It's the end of the year and you are not even close to finishing your Christmas shopping. Just looking at your unfinished To Do list is making you cringe. How in the world are you supposed to even start thinking about next year's finances? Geez, lady, are you crazy?
No, not crazy, but I'm hoping that with a little nudge, you'll be able to get a jump start on improving your finances in the new year. Here's a list of simple things to get you started now, so you will already be in the habit when Baby New Year arrives.
Flex Accounts: Make sure you have depleted your flex account before it's too late. Also reevaluate your information and increase/decrease your amounts as needed.
End of Year Medical Receipts: Gather all medical receipts for your accountant because you may qualify for a tax break. Ask the pharmacy and your physicians for a print out if locating your receipts becomes too difficult. Think: braces, medications, canes, medical equipment, etc.
Drop off Donations Now: If you're planning to get rid of old clothes, household items, toys or lawn equipment this is a great time to do it and, happily, you will be given a receipt for your taxes.
Start saving one type of money: Select one kind of money and vow to set it aside every time it crosses your path. Ones, fives, all change or just quarters, whatever you choose. Just make sure you get it out of your wallet and put it some place you won't be inclined to dip into. It's the most painless way you'll ever save and you can use it for debt repayment or perhaps for an irregular expense such as auto insurance. At my house, we have several of these in place. The Giving Jar and The Vacation Jar (which isn't intended to pay for the entire vacation but for and extra special outing or dinner while on vacation or possibly a fun day trip) are used by the whole family. We each have our own piggy banks/jelly jar and the individual gets to use those funds at their own discretion.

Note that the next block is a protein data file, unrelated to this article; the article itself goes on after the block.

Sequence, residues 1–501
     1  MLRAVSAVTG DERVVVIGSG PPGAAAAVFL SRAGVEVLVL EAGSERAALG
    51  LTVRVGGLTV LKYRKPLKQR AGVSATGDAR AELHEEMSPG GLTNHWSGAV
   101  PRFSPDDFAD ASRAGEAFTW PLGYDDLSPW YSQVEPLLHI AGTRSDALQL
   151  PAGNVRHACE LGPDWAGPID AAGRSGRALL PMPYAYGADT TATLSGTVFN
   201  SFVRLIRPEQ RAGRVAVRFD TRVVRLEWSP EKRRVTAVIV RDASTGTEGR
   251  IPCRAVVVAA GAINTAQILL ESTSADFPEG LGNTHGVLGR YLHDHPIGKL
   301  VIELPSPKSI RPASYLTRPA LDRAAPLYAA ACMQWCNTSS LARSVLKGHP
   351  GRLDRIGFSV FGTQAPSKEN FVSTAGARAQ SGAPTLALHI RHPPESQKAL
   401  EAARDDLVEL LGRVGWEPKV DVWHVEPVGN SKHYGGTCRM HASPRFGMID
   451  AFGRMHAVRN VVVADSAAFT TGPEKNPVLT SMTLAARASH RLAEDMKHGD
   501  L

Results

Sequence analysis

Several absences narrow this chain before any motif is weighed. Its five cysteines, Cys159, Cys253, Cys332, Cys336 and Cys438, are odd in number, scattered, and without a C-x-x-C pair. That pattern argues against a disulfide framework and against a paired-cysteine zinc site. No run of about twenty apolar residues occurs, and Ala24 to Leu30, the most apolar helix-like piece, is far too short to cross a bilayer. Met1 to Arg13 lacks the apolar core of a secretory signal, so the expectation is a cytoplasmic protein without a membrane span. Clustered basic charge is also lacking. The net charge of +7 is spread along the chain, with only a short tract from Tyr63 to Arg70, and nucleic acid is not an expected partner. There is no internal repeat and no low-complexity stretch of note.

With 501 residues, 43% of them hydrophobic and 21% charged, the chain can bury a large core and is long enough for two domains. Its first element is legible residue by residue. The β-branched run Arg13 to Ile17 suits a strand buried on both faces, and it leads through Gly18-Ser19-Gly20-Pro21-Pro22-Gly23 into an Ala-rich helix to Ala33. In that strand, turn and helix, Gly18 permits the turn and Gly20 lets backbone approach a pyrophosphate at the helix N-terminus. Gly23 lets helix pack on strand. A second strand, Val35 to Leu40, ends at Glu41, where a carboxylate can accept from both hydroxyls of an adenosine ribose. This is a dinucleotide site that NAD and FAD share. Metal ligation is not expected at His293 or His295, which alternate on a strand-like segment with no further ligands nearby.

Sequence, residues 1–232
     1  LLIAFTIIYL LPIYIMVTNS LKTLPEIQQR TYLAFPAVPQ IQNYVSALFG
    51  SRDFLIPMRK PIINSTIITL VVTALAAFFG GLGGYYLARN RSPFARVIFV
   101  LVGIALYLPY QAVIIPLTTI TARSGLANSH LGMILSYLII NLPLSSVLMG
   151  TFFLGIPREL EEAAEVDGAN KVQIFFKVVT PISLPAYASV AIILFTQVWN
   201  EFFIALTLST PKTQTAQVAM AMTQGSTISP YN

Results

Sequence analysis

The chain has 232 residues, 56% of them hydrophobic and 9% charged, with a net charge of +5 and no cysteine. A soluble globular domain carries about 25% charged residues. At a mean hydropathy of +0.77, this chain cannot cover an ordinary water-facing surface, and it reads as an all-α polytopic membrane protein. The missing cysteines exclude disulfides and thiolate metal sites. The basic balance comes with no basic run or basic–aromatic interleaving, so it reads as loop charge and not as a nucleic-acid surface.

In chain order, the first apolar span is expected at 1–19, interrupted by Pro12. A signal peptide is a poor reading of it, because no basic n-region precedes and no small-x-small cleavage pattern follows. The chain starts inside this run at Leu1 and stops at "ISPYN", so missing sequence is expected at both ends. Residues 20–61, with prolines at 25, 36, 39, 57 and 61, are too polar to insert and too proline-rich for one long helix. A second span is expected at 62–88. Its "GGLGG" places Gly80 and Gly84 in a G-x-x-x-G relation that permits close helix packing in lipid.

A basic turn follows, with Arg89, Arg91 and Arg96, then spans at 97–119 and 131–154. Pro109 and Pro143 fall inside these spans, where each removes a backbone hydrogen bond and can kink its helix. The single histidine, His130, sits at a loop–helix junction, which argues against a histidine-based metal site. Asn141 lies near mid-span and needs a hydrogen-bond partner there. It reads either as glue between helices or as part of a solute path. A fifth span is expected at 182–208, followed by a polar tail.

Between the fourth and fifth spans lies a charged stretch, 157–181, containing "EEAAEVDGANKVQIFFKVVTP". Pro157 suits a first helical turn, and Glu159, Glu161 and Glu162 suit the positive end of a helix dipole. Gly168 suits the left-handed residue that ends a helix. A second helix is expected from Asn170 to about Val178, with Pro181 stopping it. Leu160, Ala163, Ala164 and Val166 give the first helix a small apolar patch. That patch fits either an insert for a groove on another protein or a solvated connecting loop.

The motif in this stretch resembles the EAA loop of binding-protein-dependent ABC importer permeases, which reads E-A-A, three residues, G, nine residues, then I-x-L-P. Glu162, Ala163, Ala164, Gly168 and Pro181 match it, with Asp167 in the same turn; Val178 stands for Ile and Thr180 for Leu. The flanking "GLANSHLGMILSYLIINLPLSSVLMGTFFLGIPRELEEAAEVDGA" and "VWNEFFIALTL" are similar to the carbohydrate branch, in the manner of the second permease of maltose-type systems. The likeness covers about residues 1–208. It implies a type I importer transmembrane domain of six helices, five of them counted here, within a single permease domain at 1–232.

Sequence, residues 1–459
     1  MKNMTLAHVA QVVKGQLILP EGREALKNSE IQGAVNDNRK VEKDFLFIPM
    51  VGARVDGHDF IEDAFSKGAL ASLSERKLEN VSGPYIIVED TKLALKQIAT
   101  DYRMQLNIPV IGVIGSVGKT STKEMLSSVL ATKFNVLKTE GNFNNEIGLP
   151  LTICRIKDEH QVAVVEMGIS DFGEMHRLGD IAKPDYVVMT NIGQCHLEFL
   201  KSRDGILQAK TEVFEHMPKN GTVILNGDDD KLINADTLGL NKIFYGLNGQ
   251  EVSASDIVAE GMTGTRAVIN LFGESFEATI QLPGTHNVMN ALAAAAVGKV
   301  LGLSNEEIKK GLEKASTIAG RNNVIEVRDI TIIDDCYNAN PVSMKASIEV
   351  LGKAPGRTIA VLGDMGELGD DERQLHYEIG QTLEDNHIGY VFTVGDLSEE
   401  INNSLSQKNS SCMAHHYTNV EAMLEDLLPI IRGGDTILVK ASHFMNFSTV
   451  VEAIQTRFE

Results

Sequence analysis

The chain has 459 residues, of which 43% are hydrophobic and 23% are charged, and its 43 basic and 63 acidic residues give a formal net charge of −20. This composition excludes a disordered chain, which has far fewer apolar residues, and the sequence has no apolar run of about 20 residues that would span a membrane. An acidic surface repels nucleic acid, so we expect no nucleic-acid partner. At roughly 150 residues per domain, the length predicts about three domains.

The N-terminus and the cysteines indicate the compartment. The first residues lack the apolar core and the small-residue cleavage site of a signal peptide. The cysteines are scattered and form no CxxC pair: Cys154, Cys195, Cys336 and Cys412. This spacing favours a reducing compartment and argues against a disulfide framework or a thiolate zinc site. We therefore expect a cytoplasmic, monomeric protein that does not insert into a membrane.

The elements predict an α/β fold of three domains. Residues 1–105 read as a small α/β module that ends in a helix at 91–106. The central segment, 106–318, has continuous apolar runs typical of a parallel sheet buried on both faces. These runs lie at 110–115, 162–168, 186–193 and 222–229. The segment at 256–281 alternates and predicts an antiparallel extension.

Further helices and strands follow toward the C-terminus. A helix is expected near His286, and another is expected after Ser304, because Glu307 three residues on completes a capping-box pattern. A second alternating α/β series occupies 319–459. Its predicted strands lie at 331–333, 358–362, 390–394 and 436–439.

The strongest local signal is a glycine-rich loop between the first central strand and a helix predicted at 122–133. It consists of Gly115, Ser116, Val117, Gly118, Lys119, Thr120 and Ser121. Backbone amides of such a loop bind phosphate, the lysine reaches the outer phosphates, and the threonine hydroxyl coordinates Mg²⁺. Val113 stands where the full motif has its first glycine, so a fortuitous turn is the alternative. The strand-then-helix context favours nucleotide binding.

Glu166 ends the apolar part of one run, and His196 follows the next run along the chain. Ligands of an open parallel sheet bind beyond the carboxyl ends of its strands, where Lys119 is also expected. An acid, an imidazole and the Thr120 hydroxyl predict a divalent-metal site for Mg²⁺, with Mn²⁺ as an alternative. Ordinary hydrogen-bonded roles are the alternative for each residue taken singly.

Bank the raise. Have your payroll department to deposit your raises into a separate savings account. You're already living without it and the money is available if you really, really neeed it.
Run your appliances wisely: This is another almost too easy kind of thing to do I tend to lower the thermostat considerably when the kids are at school and I can offset the temperature drop by strategically using my appliances. You would be surprised how much heat your dryer and oven generate. Let me be clear: I'm not sitting around waiting for subzero temps to dry a load of towels but I'm mindful of keeping the indoor chores in line with the outdoor temps when I can and the savings have been very noticeable. Who knew making sugar cookies for Christmas would lower the power bill? Score!
Deposit reimbursements: Many employers reimburse you for specific expenses such as mileage, meals, professional membership dues and bus passes. Consider adding these to your savings account if you don't need them in your checking account. I've got a friend who travelled for his job and was reimbursed for all the mileage he incurred. He used the reimbursements to make his car payments and used to joke it was the truck that ACME Electric paid for. He drove that truck until it literally fell off the wheels, so double score for him!
Use those Gift Cards wisely: Don't be disappointed your Christmas bounty included gift cards to big box stores. Find a website to swap them out or better yet, just go stock up on necessities. Everything may be so expensive nowadays, but you'll be surprised how much toilet paper you can get for that $100 gift card.